Italian cardinal donates cash after flat scandal

An Italian cardinal accused of using charity money to refurbish his luxury apartment has donated 150,000 euros ($163,000) to the Catholic foundation which allegedly footed the bill, media reports said on Saturday.

Italian cardinal donates cash after flat scandal
The cardinal was removed from his post by Pope Francis in 2013. Photo: Alberto Pizzoli/AFP

Tarcisio Bertone, the Vatican's former Secretary of State, a role equivalent to prime minister, has insisted he paid for the 300,000 euros renovation of the flat overlooking Saint Peter's Square himself.

But a document published in a book this month by Italian investigative journalist Emiliano Fittipaldi purportedly shows he used 200,000 euros from the Bambin Gesu Foundation which collects donations for a children's hospital in Rome.

“Acknowledging that what has happened has been detrimental to the Bambin Gesu, Cardinal Bertone wanted to meet us half way, donating a sum of 150,000 euros,” the hospital's president Mariella Enoc said Saturday, according to the reports.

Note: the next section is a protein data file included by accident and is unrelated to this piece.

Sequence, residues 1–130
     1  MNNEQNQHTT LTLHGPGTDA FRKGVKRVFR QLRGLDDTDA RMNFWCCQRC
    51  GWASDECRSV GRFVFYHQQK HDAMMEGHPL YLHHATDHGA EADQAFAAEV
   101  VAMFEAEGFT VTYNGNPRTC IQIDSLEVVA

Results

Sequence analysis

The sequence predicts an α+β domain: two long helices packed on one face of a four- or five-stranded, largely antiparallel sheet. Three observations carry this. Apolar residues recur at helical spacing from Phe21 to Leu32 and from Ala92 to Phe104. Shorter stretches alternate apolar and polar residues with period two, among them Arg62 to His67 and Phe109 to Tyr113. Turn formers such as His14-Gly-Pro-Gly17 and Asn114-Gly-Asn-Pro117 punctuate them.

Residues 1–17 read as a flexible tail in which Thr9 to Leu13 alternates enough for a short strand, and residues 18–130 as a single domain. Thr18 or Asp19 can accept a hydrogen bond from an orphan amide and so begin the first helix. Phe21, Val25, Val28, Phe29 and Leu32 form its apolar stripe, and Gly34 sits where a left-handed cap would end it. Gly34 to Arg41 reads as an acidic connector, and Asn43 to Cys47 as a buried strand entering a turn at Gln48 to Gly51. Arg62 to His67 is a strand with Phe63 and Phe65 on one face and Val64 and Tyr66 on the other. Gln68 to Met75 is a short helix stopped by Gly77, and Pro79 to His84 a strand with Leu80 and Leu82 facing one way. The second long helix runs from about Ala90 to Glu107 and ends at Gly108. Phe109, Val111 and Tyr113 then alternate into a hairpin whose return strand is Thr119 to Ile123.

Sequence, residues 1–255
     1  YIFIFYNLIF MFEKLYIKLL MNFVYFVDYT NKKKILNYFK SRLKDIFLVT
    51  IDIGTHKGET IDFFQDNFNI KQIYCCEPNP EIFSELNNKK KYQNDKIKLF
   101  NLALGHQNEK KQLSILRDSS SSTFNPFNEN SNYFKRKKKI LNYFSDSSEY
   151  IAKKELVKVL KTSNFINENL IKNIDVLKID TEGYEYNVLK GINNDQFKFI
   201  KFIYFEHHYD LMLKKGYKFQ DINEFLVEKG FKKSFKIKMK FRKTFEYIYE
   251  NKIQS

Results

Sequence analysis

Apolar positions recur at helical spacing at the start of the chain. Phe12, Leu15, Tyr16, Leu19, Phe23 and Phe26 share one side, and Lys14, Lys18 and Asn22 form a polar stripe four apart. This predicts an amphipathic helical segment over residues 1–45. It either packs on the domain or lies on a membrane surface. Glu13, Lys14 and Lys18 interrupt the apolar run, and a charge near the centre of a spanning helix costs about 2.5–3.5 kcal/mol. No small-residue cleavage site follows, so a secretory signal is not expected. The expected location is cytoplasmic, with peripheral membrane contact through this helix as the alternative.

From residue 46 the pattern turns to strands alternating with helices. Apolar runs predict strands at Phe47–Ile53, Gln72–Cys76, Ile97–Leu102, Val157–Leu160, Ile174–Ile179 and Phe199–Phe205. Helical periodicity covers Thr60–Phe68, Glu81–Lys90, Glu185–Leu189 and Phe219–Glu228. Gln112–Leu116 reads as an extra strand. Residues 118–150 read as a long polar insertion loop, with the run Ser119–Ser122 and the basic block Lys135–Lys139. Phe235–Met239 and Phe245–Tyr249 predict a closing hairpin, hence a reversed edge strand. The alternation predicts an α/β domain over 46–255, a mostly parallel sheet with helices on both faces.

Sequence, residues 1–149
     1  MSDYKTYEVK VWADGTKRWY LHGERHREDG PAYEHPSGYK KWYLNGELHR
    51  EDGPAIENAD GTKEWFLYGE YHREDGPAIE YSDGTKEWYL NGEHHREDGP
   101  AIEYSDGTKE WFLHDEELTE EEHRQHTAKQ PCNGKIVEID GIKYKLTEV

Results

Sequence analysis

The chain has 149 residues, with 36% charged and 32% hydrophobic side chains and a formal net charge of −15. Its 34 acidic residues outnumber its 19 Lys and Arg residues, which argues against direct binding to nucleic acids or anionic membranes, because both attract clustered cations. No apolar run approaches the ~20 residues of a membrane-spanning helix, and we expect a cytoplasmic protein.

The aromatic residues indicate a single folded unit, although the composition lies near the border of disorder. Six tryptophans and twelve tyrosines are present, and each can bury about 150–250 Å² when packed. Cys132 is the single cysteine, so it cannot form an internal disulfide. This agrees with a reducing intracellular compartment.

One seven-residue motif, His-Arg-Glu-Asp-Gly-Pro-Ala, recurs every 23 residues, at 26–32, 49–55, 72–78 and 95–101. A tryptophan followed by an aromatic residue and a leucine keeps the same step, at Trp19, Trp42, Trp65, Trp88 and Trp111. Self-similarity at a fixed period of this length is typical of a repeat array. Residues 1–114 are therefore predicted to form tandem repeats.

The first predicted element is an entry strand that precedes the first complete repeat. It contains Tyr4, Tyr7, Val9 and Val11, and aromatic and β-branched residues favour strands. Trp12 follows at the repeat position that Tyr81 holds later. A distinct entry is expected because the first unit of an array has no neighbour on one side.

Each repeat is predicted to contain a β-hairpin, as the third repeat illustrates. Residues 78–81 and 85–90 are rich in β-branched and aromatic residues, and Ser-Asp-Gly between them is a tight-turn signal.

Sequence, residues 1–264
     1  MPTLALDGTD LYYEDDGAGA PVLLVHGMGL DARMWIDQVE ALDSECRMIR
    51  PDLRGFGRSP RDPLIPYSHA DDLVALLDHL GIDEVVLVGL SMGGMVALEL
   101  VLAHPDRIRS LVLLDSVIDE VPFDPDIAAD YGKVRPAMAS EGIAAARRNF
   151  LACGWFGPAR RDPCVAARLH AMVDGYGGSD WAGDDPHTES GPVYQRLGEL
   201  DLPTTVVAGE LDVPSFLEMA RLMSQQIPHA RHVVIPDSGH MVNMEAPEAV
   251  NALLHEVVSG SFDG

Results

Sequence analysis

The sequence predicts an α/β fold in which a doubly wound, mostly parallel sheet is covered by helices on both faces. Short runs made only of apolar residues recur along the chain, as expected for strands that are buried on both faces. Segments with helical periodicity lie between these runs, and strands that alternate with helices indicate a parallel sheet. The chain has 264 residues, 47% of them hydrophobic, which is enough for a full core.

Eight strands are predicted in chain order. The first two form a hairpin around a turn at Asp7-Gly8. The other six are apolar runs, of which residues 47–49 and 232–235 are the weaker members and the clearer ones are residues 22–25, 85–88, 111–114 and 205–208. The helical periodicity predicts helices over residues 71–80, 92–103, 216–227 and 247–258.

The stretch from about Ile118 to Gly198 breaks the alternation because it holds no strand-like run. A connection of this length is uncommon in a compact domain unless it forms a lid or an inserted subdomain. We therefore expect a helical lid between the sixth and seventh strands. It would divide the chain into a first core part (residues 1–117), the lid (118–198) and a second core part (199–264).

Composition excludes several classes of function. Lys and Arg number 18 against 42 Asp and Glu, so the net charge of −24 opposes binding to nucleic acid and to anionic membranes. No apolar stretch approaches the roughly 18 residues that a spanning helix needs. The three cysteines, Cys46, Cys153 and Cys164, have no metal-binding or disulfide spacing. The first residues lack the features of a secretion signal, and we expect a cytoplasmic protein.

Bertone, 81, has defended his luxury lodgings, saying he shares the 300-square metre apartment inside the walls of the Vatican with a community of nuns who look after him, and the flat's huge terrace is actually part of the building's communal area.

The flat is a stone's throw from St Martha's Residence — the modest Vatican hotel Francis chose to live in after rejecting the opulent papal apartments which come with his job for a more humble lifestyle.

The cardinal was removed from his post by Pope Francis in 2013, shortly after the pontiff was elected.

Bertone's stint as Secretary of State under ex-pope Benedict XVI was highly divisive, with critics accusing him of being too authoritarian and connected with sleazy Italian politics. He blamed “moles and vipers” for his downfall.

Fittipaldi is currently on trial in the Vatican along with another investigative journalist for publishing documents that have embarrassed the Vatican and which were allegedly illegally obtained by disgruntled employees.

Aso on trial are the three people accused of stealing and leaking the secret papers — many of them appearing to depict irregularities and extravagance in the Holy See's spending.